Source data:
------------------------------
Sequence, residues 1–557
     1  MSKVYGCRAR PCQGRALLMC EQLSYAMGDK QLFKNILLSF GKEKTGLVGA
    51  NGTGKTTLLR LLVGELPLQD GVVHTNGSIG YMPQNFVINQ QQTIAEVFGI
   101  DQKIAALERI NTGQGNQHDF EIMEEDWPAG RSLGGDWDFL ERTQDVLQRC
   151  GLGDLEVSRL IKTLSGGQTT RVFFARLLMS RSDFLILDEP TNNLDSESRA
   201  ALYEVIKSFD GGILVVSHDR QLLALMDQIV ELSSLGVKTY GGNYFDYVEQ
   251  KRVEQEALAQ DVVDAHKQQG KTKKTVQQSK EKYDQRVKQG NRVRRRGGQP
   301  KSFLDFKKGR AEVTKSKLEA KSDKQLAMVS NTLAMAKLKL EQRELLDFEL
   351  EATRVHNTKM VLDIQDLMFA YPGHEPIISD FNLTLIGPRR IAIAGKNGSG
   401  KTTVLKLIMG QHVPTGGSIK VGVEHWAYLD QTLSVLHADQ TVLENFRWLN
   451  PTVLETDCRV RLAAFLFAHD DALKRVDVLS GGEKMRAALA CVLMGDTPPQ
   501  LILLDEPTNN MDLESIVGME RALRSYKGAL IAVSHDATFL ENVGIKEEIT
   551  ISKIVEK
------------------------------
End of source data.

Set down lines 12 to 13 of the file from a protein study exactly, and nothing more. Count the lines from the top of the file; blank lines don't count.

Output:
   501  LILLDEPTNN MDLESIVGME RALRSYKGAL IAVSHDATFL ENVGIKEEIT
   551  ISKIVEK